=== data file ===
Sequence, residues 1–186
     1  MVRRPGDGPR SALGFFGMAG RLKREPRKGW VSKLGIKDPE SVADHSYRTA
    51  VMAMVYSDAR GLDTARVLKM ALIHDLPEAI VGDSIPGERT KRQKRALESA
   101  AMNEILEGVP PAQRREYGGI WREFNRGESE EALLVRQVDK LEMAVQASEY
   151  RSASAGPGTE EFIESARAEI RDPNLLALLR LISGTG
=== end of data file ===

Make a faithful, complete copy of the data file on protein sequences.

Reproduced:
Sequence, residues 1–186
     1  MVRRPGDGPR SALGFFGMAG RLKREPRKGW VSKLGIKDPE SVADHSYRTA
    51  VMAMVYSDAR GLDTARVLKM ALIHDLPEAI VGDSIPGERT KRQKRALESA
   101  AMNEILEGVP PAQRREYGGI WREFNRGESE EALLVRQVDK LEMAVQASEY
   151  RSASAGPGTE EFIESARAEI RDPNLLALLR LISGTG